A US ban on US companies doing business with a Chinese chipmaker accused of stealing technology secrets threatens to raise…
A US ban on US companies doing business with a Chinese chipmaker accused of stealing technology secrets threatens to raise a $ 5.7 billion fund-based company in state funds, which harms China’s ambition to build a world-leading semiconductor industry.
Fujian Jinhua Integrated Circuit Co., founded in 2016, built a factory aimed at completing China’s confidence in foreign semiconductors and lubricated by Beijing as a key player in the last phase of its three-decade program to build globally competitive chipmakers. Jinhua, which employs more than 1,000 people, aimed to begin mass production of memory cards used in smartphones and USB devices at the end of the year in pursuit of the government’s goal of halving semiconductor imports by 2020.
These plans are likely to stall because Jinhua is depending on a link of American suppliers that provide design and technology for the components, analysts say.
The American Trade Department on Monday prevented exports and transfers of American origin technology to Jinhua, accused of Idaho-based
of stealing design secrets – without official permission. US efforts to include China’s technical upturn are part of a wider trade struggle between the world’s two largest economies, which has largely focused on tariffs.
The ban was different from a similar ban on Chinese telecom giants
was introduced earlier this year, as the trade department cited national and economic security issues in Jinhua’s case. ZTE’s punishment, which was later reversed following the intervention by President Trump, was introduced to violate the terms of an anti-sanctions agreement to Iran and North Korea.
“What the United States does now can be spread to all that is considered advanced technology that the United States does not want China to have more,” said Alicia Garcia Herrero, a Chinese focused economist at the French Investment Bank
“This case is very different from ZTE.”
Monday’s restrictions on Jinhua follow tighter US curbs on Chinese investment in US technology companies. In response, China has had a residence permit, which led in July to
scraps its $ 44 billion purchase of Dutch chip maker
China’s Foreign Ministry said Tuesday that Chinese companies should comply with laws, but “we also demand that foreign governments provide fair and sound treatment for our businesses.” Jinhua, whose shareholder contains a handful of companies owned or controlled by the province of Fujian, did not respond to calls that sought comments.
Jinhua is one of a trio of state-run Chinese semiconductor companies that Beijing promises to increase production to the memory market, including Tsinghua Unigroup Ltd. and Innotron Memory Co. Jinhua says on its website it was inducted in a semiconductor industry drawing under China’s five-year plan, initiated in 2016, a national development roadmap closely associated with ascension of President Xi Jinping.
As part of its efforts to manage domestic markets, China is estimated to invest $ 150 billion in the decade from 2017 to support its chip industry and develop more sophisticated ed know-how that will move up the value chain. For example, in smartphones, Chinese brands account for about 50% of global exports, but still depend on imports for 90% of their semiconductor needs. Beijing spent $ 260 billion on imports of chip last year.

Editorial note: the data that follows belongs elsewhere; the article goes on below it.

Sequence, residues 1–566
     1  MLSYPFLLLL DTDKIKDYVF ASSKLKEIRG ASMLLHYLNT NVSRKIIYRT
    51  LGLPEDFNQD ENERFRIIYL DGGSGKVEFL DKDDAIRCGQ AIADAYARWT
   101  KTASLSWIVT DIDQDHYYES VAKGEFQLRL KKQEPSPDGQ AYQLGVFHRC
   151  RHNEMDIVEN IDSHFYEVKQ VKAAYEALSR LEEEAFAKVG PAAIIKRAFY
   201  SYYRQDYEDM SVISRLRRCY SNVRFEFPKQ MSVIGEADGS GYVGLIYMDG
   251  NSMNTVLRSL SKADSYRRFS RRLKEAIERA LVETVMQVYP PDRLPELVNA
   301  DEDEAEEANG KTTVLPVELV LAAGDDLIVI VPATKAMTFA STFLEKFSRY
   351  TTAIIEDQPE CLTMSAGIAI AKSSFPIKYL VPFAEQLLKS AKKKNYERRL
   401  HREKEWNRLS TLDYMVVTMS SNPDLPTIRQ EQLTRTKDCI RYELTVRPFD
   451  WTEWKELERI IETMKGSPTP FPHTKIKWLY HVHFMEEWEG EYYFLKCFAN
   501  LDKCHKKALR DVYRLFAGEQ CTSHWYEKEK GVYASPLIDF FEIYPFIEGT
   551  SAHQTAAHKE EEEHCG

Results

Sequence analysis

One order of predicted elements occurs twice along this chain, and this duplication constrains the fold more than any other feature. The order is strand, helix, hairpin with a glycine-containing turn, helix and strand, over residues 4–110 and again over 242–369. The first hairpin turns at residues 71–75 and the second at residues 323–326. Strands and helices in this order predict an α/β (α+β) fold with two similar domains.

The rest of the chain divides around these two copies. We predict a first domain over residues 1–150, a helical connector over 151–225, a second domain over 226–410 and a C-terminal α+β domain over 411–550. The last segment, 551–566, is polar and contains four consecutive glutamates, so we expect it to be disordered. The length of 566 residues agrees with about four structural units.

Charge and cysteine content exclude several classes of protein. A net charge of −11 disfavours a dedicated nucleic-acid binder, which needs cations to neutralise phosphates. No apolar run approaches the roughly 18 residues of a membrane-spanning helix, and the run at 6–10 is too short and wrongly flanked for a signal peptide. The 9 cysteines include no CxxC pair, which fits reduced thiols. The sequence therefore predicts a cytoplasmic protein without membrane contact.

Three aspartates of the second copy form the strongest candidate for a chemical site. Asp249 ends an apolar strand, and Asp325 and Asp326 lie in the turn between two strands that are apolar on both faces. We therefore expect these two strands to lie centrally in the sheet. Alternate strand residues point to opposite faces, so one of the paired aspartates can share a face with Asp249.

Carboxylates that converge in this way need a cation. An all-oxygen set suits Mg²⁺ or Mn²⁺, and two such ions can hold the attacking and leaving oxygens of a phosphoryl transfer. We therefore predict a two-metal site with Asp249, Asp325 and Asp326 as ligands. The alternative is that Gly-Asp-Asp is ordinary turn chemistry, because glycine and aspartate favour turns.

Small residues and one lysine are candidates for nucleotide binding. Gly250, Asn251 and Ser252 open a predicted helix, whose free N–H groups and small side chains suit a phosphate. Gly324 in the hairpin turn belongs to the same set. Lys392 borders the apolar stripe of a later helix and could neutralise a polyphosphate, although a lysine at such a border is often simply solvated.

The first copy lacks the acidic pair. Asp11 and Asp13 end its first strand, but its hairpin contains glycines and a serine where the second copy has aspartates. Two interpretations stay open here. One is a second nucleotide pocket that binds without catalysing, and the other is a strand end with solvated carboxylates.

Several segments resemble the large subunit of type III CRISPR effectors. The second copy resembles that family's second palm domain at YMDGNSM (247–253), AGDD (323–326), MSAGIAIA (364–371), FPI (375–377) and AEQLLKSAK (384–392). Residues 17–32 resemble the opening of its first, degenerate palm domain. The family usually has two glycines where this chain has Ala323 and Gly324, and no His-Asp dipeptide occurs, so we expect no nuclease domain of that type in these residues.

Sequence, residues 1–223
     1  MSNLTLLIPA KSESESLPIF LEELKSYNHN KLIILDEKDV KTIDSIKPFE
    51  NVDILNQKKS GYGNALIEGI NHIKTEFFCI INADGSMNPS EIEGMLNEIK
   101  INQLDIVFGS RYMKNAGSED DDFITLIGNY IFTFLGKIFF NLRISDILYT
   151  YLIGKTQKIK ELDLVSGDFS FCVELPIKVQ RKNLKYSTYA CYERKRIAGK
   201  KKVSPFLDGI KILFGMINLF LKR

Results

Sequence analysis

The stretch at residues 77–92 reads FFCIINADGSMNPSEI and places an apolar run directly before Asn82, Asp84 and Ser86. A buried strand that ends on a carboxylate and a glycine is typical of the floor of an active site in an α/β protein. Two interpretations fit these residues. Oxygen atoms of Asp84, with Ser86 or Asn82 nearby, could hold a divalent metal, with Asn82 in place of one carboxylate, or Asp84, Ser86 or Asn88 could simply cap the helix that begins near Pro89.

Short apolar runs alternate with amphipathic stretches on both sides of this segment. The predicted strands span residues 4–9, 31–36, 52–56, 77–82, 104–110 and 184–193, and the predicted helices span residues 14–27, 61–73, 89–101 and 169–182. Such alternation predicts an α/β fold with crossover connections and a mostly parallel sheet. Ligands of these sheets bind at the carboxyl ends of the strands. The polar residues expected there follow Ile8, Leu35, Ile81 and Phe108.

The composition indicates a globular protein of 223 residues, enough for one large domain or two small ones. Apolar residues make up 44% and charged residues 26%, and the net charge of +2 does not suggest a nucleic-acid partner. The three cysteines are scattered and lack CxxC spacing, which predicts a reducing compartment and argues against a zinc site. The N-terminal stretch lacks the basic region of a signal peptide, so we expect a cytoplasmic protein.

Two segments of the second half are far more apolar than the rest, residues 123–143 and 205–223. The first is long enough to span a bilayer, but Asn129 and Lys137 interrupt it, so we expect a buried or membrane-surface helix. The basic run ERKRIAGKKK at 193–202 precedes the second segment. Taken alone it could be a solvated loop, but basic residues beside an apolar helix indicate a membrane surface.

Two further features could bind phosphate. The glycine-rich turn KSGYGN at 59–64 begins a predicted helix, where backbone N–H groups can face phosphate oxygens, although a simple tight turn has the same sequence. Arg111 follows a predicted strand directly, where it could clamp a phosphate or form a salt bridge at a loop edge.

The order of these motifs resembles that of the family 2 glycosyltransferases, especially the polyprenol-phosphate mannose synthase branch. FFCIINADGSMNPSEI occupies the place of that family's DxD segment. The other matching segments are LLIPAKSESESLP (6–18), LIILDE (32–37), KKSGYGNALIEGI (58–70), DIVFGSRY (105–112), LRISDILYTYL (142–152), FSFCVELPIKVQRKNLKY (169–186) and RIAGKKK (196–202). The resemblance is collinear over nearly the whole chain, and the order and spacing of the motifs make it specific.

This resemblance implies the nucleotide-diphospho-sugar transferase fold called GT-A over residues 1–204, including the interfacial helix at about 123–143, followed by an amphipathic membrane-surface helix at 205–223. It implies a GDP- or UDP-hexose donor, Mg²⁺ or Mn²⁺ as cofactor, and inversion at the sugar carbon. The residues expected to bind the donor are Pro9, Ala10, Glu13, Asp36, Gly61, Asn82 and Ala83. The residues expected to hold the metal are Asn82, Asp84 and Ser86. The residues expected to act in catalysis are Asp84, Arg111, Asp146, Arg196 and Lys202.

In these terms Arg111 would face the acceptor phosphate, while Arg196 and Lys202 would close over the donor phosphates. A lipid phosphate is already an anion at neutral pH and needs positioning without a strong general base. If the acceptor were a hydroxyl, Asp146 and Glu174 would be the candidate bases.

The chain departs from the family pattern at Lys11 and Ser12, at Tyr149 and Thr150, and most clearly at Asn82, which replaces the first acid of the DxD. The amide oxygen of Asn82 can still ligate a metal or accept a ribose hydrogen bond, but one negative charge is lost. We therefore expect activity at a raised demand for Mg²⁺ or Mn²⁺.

Jinhua pivoted against the development of DRAM for consumer electronics markets. Jinhua’s senior executives at Silicon Valley Recruitment Fairs last year said it planned a pilot run at the end of 2017 and mass production a year later, according to Micron’s filing. Micron refused to comment. The company started some production in September but did not run on planned capacity, according to a person familiar with the case.
Micron Technology in December sued Jinhua in California, as well as the Chinese company Taiwanese partner
, claimed to stole Micron’s talent and trade secrets. Jinhua disputes the claim and the case continues.
A Chinese court in July is sitting in Jinhua in a court trial that the Chinese company received Micron, accusing Micron of breaking Jinhua patent and stopping Micron from selling in China. Micron disputes the charges. UMC said Tuesday the new edge of Jinhua will not affect UMC’s operations and that UMC does not export products to Jinhua.
The Ministry of Commerce ban will harm Jinhua because the company is likely based on a handful of California-based companies that dominate the global range of microtechnics that stacks, connects, cleans and measures the discs that go to make chips. Among them are
, according to analysts.
“It is critical for China’s semiconductor ambitions,” said Mark Newman, a semiconductor analyst at Bernstein Research. “It’s unlikely they could build without using” these companies. “
China accounted for about 18% of Applied Materials revenue during the year to October 2017 and 16% for Lam Research and KLA-Tencor this year according to FactSet. The US companies did not respond immediately to requests for comments made during office hours
China’s semiconductor industry is still on the verge of its fate, which is largely subject to an escalating Sino-US trade permit.
“The US government’s verdict is a sign that the United States is willing to play the war card,” said Wang Yanhui. , General Secretary of Mobile China Alliance, a telecommunications industry consortium.
-Yang Jie, Jeremy Page and Yifan Wang contributed to this article.